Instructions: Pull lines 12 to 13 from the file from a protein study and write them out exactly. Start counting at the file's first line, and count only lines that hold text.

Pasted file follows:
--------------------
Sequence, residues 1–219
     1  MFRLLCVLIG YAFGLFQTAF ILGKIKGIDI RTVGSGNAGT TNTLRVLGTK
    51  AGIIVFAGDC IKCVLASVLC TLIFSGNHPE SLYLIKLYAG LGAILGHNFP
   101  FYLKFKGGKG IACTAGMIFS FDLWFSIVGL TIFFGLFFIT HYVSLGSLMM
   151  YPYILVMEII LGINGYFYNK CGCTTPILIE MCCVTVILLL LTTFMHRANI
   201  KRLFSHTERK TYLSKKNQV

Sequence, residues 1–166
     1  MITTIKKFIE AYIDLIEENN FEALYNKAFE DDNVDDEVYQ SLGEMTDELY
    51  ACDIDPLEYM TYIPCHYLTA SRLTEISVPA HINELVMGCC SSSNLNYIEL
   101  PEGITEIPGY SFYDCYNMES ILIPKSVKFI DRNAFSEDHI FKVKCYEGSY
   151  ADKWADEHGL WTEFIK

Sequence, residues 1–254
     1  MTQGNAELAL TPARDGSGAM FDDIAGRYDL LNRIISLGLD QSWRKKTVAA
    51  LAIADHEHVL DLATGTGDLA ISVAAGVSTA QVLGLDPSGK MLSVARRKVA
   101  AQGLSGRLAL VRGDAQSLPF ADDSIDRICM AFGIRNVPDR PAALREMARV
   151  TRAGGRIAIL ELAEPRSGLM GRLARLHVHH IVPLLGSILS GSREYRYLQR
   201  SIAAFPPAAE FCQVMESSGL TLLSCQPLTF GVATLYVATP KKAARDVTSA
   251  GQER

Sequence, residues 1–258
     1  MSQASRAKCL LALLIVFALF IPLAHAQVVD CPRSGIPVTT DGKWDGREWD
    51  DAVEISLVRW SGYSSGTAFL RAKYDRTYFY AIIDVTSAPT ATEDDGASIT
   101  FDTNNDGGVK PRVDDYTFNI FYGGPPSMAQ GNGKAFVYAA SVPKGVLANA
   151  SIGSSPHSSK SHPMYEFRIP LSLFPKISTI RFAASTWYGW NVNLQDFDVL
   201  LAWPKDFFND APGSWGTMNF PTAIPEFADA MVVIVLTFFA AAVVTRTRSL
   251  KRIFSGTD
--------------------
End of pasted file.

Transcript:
Sequence, residues 1–254
     1  MTQGNAELAL TPARDGSGAM FDDIAGRYDL LNRIISLGLD QSWRKKTVAA